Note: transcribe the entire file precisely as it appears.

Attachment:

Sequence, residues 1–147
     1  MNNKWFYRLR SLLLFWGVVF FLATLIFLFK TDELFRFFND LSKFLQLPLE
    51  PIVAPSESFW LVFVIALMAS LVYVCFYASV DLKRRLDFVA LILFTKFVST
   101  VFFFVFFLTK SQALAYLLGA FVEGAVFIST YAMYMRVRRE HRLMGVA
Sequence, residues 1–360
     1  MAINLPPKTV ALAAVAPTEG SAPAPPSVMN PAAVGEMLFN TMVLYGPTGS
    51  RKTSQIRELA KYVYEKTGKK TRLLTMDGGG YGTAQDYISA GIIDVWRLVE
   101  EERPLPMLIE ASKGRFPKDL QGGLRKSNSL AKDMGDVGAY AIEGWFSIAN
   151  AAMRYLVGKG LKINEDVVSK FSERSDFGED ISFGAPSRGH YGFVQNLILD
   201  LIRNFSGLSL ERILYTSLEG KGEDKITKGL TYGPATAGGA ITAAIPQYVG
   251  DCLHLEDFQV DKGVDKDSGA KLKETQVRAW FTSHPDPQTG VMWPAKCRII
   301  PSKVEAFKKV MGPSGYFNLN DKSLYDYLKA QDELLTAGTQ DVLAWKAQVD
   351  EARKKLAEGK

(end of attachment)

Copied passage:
Sequence, residues 1–147
     1  MNNKWFYRLR SLLLFWGVVF FLATLIFLFK TDELFRFFND LSKFLQLPLE
    51  PIVAPSESFW LVFVIALMAS LVYVCFYASV DLKRRLDFVA LILFTKFVST
   101  VFFFVFFLTK SQALAYLLGA FVEGAVFIST YAMYMRVRRE HRLMGVA
Sequence, residues 1–360
     1  MAINLPPKTV ALAAVAPTEG SAPAPPSVMN PAAVGEMLFN TMVLYGPTGS
    51  RKTSQIRELA KYVYEKTGKK TRLLTMDGGG YGTAQDYISA GIIDVWRLVE
   101  EERPLPMLIE ASKGRFPKDL QGGLRKSNSL AKDMGDVGAY AIEGWFSIAN
   151  AAMRYLVGKG LKINEDVVSK FSERSDFGED ISFGAPSRGH YGFVQNLILD
   201  LIRNFSGLSL ERILYTSLEG KGEDKITKGL TYGPATAGGA ITAAIPQYVG
   251  DCLHLEDFQV DKGVDKDSGA KLKETQVRAW FTSHPDPQTG VMWPAKCRII
   301  PSKVEAFKKV MGPSGYFNLN DKSLYDYLKA QDELLTAGTQ DVLAWKAQVD
   351  EARKKLAEGK